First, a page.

By Rebecca Henely and Ivan Pereira
The death of Osama bin Laden has come as a welcome relief to the Queens Muslim community, who said the terrorist mastermind tarnished their peaceful religion and slaughtered thousands of their own all over the world.
Syed Meesam, the United Nations representative for the Imam Al-Khoei Foundation in Jamaica, said he and his fellow Islamic worshipers were glad to hear the news of bin Laden’s demise at the hands of U.S. Navy Seals in Afghanistan Sunday night.
The representative of the one of the largest Shiite mosques in the country said the Muslim community wanted him to be brought to justice for all of his crimes.
“Generally speaking, everyone I have spoken to has expressed a sense that this is finally over,” he said.
Meesam’s sentiments were echoed by other Muslims groups around the borough.
“We are very thankful to hear this great news,” said Imam Mohd Qayyoom, a leader of the Muhammadi Community Center of Jackson Heights, at 37-46 77th St.,ï»¿ who focuses his work on fighting terrorism. He compared bin Laden’s burial at sea by U.S. authorities to the story in the Bible’s Book of Exodus, where God let the Israelites pass through the Red Sea as they fled Egypt but drowned the evil pharaoh as he chased after them.ï»¿
Ahmed Jamil, outreach director of the Dar al-Dawah Mosque, at 35-13 23rd Ave., in Astoria, said his son was happy about the death, although his wife had reservations around the celebratory attitude around it.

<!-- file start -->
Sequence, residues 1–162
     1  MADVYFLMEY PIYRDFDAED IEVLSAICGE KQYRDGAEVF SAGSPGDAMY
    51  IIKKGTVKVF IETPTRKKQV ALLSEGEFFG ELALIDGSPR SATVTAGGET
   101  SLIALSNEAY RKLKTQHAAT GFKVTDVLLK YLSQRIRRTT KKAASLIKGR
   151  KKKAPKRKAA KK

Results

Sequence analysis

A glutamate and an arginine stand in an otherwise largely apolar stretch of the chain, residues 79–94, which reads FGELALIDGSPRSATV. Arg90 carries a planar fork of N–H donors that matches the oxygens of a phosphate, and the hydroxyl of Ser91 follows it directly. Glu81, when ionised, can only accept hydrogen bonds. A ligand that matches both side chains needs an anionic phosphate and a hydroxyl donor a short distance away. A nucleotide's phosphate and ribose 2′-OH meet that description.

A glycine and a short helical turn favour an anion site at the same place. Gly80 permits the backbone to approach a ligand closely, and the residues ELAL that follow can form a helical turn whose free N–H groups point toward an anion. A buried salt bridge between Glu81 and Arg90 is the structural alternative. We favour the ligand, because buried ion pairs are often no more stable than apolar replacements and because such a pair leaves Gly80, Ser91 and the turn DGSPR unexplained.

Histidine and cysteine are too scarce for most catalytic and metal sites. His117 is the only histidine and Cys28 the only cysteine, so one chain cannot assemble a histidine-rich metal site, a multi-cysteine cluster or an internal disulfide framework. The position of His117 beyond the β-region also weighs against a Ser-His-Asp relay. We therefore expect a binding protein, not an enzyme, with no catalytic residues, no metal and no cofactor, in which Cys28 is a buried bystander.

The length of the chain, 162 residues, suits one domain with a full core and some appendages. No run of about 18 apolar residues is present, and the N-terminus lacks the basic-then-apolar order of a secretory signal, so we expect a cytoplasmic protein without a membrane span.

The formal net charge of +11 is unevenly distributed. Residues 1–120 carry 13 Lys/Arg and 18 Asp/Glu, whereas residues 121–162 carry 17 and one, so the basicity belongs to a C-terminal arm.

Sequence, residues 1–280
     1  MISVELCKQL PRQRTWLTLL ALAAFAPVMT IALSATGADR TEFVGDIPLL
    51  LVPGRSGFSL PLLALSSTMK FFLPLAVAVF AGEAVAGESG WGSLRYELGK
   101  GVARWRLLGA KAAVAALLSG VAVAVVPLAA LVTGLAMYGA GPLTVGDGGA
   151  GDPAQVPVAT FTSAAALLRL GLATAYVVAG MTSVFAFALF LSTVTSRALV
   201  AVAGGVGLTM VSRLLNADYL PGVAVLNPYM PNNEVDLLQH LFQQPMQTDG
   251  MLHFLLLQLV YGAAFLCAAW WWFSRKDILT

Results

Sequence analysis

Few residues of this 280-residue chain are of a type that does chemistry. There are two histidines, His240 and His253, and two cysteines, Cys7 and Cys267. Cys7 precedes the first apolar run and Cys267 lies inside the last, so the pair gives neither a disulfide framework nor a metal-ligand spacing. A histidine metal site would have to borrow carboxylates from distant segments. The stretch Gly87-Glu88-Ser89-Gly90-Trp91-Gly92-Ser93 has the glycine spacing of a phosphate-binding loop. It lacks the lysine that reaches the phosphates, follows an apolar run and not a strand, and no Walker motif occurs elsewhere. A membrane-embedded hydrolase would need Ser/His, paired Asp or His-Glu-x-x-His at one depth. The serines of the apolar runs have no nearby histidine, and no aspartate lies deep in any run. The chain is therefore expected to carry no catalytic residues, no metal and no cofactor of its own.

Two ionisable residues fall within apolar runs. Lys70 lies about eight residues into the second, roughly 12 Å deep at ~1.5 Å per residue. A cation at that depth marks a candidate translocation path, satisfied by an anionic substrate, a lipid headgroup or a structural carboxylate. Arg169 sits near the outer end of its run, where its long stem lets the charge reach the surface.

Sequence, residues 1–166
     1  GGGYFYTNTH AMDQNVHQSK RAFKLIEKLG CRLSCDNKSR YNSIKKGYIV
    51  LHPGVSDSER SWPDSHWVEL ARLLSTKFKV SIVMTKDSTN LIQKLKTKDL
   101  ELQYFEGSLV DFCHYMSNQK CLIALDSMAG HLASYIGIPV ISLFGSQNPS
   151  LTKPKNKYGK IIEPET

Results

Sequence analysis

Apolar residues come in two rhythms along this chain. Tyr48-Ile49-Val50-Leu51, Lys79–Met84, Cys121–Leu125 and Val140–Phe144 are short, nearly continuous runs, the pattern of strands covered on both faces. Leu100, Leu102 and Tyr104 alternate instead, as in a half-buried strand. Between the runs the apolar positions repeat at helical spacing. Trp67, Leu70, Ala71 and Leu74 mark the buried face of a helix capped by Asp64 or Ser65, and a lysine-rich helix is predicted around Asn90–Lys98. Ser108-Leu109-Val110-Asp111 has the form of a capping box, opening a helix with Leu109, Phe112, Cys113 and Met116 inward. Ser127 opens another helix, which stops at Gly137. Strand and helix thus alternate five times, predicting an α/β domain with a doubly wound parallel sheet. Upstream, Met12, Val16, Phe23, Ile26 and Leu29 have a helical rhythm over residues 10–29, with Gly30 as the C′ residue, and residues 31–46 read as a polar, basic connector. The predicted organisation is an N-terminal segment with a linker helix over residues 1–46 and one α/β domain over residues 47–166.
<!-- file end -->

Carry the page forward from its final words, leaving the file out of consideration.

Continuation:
“He is an enemy, so if you kill the enemy, you’re happy,” Jamil said, although he said the sea burial was against Islam. Muslim bodies are supposed to be buried, although bin Laden’s body was cleaned and wrapped in a shroud in accordance with Islamic law.
Meesam said that almost all Muslims rejected the terrorist leader’s ideology and considered him a negative outcast from the faith.
“Only the extremists see him as an inspiration” he said.
Qayyoom said the American government should focus on fighting bin Laden’s many successors, dismantling terrorist organizations in America and putting pressure on the Saudi Arabian government to stop funding terrorism.
Meesam was particularly proud that President Barack Obama reaffirmed that the war against al-Qaeda was not one against the Islamic religion during his speech to the nation late Sunday night.
“His statement was quite accurate and he needed to make it. I think it goes to show he is sensitive to Muslim sentiments,” the U.N. representative said.
Meesam said he could not say what bin Laden’s death would mean for the future of extremist Muslim terrorists, but he said it could have a negative impact on those who commit violence in the name of their religion.
“It will bring down the morale of his disciples or others who would seek inspiration from him. Now that he is gone, it might make people think twice about joining these things,” he said.
Jamil said while bin Laden had successors in the wings, few have his charisma or financial resources. He said the recent peaceful revolutions throughout the Middle East will make it harder for extremism to grow.
“I believe in a couple of years it will be finished,” Jamil said.
Reach reporter Ivan Pereira by e-mail at email@example.com or by phone at 718-260-4546.